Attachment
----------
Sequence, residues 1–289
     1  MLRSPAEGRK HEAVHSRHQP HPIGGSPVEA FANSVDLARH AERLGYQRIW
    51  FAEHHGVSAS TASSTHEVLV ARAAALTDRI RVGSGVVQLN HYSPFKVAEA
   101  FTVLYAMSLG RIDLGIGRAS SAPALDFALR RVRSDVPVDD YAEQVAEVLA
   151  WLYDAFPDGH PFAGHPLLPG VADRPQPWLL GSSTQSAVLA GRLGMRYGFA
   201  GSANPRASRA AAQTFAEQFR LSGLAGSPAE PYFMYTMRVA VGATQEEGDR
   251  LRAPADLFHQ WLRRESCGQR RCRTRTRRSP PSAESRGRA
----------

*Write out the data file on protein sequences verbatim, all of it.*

Sequence, residues 1–289
     1  MLRSPAEGRK HEAVHSRHQP HPIGGSPVEA FANSVDLARH AERLGYQRIW
    51  FAEHHGVSAS TASSTHEVLV ARAAALTDRI RVGSGVVQLN HYSPFKVAEA
   101  FTVLYAMSLG RIDLGIGRAS SAPALDFALR RVRSDVPVDD YAEQVAEVLA
   151  WLYDAFPDGH PFAGHPLLPG VADRPQPWLL GSSTQSAVLA GRLGMRYGFA
   201  GSANPRASRA AAQTFAEQFR LSGLAGSPAE PYFMYTMRVA VGATQEEGDR
   251  LRAPADLFHQ WLRRESCGQR RCRTRTRRSP PSAESRGRA